Tuesday, July 30, 2013

Non-transactional tests with Spring and H2

The general paradigm for testing Spring based application back-end is to use a sort of unit testing which loads the whole application (the application context) and performs certain tests on it. Spring provides all sort of helper classes among others AbstractTestNGSpringContextTests and AbstractTransactionalTestNGSpringContextTests. I don't know when that decision happened but we always used the transactional one hence every test method run in a separate transaction which was rolled back after each method. It seems to me that such an approach is prevalent in current development yet it is as well flawed.

I bet you encountered cases when the test cannot be transactional, you want to test that your fix for a concurrent race condition works, the locking on the DB does really prevents another user to access something, etc. So you write a non-transactional test class, annotate it with the Spring annotation @DirtiesContext(classMode = ClassMode.AFTER_EACH_TEST_METHOD) and you're done. The context is reloaded several times for the start so it's not a big deal. But then you write tens of non-transactional tests and all of a sudden build with tests takes time.

That happened to us and made us thinking, do we need to recreate application context so often? The only reason we do it is that the DB is polluted by the non-transactional tests data. I started the investigation. We use in-memory H2 for our tests. I found that H2 has a wonderful feature which let's you drop its content easily: All you need is the following method in your test parent class:

So no more context recreation. It sped our test build from 1:30 to 55 seconds, boohoo. But than a heretic thought began to creep in our brains. What if we don't need to wrap each test method in a transaction? What if we don't gain much speed there? What if we actually oversee a bug here and there as our tests don't work the same as when client works with the application?

We gave it a try and made all tests non-transactional. The build takes the same time as before as populating and dropping in-memory DB is apparently not an issue, we would do the same in separate transactions anyway. The tests now mimic exactly use cases we want to test as often many transactions happen before the app is in certain state.

We found three bugs straight away. I hope you find some too.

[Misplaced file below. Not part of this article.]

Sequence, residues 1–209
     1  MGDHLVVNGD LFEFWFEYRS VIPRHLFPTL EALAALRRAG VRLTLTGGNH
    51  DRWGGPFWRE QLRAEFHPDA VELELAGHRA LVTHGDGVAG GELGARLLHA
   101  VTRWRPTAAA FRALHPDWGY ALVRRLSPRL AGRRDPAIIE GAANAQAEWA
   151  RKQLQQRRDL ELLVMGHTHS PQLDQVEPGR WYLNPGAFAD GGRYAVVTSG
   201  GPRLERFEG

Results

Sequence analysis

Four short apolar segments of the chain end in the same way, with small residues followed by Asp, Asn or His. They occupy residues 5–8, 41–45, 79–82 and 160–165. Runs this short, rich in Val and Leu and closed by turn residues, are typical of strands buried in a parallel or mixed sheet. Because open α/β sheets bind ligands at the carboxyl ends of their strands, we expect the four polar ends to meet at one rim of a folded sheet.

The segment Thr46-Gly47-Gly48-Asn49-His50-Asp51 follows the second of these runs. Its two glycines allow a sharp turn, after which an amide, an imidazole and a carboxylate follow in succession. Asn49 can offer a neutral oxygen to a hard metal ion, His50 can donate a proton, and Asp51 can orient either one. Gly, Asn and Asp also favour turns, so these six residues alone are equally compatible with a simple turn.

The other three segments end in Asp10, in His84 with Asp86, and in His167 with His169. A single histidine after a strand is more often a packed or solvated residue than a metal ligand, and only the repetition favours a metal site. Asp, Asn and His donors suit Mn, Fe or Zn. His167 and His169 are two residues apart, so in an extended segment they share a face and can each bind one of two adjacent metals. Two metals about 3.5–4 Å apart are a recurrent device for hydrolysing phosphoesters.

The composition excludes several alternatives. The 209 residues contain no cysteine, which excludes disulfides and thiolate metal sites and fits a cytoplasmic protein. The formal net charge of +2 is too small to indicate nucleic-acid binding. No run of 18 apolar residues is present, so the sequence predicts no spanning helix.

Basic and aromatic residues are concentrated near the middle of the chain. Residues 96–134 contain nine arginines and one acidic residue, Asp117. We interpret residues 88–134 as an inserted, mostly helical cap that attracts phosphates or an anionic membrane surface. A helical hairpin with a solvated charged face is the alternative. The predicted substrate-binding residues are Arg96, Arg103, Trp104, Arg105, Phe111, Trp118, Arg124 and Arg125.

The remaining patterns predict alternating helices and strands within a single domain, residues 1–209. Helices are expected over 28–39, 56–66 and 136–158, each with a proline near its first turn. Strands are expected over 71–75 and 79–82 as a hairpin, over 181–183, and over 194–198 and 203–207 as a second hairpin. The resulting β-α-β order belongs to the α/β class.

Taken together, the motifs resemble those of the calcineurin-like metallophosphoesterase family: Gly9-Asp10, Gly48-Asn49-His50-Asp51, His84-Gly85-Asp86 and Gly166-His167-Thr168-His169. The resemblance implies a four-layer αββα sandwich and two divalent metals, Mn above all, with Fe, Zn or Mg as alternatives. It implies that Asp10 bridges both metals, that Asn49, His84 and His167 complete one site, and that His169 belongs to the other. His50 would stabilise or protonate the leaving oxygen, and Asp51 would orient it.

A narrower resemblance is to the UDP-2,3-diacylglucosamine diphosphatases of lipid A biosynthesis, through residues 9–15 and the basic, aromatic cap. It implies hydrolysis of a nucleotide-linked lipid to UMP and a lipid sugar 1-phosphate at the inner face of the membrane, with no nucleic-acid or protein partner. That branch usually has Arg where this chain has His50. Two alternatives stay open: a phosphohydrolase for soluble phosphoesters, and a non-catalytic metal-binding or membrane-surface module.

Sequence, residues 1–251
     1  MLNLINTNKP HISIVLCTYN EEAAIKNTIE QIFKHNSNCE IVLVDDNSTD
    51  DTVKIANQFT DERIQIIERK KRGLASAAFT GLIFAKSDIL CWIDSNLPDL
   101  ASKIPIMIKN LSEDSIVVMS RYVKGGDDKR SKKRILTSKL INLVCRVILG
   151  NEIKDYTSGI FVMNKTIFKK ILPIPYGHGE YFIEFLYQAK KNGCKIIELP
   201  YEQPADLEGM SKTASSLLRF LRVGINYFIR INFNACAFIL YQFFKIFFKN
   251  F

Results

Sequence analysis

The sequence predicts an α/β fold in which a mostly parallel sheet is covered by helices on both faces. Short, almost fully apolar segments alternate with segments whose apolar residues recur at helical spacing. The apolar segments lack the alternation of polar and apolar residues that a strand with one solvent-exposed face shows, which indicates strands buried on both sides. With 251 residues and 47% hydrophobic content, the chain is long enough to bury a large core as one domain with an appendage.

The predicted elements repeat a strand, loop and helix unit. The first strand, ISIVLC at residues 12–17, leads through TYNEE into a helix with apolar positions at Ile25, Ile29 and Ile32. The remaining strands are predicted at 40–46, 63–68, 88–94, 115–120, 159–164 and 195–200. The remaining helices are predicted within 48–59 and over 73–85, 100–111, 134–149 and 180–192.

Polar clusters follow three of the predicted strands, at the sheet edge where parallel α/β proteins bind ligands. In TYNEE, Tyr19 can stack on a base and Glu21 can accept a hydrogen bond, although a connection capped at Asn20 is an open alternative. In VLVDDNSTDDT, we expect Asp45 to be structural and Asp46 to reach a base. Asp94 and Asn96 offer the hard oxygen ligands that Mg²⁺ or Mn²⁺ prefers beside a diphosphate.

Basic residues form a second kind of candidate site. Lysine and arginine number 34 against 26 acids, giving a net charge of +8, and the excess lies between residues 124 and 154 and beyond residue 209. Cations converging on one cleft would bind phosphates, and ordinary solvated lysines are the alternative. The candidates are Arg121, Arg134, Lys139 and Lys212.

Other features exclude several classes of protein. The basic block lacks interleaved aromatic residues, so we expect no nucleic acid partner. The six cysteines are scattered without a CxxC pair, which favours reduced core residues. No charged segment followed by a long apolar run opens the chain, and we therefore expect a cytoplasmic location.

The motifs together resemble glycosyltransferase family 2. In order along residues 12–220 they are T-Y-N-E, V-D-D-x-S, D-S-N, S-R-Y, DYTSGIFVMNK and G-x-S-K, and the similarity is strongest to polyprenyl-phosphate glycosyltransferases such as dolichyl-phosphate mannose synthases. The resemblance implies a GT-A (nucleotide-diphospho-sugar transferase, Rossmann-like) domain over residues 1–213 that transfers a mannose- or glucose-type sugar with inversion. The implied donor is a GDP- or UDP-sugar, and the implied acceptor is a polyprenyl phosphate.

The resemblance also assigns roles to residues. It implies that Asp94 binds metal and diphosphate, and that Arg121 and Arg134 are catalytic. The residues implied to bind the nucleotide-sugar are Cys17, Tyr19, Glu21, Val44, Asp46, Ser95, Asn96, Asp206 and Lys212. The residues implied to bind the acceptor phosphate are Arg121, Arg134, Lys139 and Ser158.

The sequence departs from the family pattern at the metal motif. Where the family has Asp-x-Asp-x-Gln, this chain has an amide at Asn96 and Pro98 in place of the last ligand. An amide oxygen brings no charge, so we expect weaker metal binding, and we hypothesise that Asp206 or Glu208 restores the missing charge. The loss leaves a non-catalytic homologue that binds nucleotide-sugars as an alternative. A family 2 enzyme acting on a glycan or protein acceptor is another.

Thursday, January 3, 2013

Non-blocking server push with Atmosphere, Wicket and Spring Security

Previous blog post described how to make Wicket, Spring Security and Atmosphere work together. However, it covered only one part of the story - the blocking transport technique (e.g. long polling). We tried to enable non-blocking protocol and run instantly into several problems emerging mainly from the necessity to use Spring Security filter chain along with Wicket filter and Atmosphere servlet:

The problems were:
  • Spring Security authentication did not work with NIO (non-blocking) connector on Tomcat. My guess is that the filter was not applied.
  • AtmosphereServlet is configurable via atmosphere.xml where you define AtmosphereHandlers. The problem is that you cannot define multiple filters similarly to web.xml.
  • AtmosphereFramework has a regexp which is used to map request path to AtmosphereHandlers mapped to /*. It does not contain underscore which is part of default form-login processing-url of SpringSecurity (j_spring_security_check).
Let's see how we dealt with these problems.

First of all, install the newest version of Tomcat 7 as non-blocking support was developed rather recently and it may not work properly with older versions. We used Tomcat 7.0.34.

Modify the HTTP connector in server.xml

Atmosphere will initiate non-blocking transport only if you include some context.xml in META-INF or exclude atmosphere-compat-tomcat7 from your classpath. We encountered a problem with SpringSecurity SessionFixationProtectionStrategy as request.getSession(true) did not return new session but this was fixed by using newer version of Atmosphere runtime. Our respective pom.xml part looks like this:
Then we need to define the two filters inside AtmosphereHandler defined in atmosphere.xml. We decided to do it programmatically. Here is our atmosphere.xml

And the CustomAtmosphereHandler looks like this:

CustomAtmosphereHandler was inspired by Atmosphere ReflectorServletProcessor. It creates both SpringSecurity and Wicket filters programmatically. In case of Wicket it loads the application in the same manner as the org.apache.wicket.spring.SpringWebApplicationFactory.
Custom FilterConfig gives us control over init parameters. Interestingly, Wicket-Atmosphere integration uses in the mapping filter mapping path from InitParam instead of the filter path set on the WicketFilter. Thus we need to add the init param FILTER_MAPPING_PARAM. We decided to do it this way because otherwise we will have filter configuration scattered over CustomAtmosphereHandler and web.xml.

Our web.xml is then fairly simple:

Now one last finishing touch:) We need to alter default SpringSecurity path so that it is mapped to our CustomAtmosphereHandler so modify the form-login line in your spring-security.xml:

Here is a link to a sample application: http://dl.dropbox.com/u/71731051/push-test.zip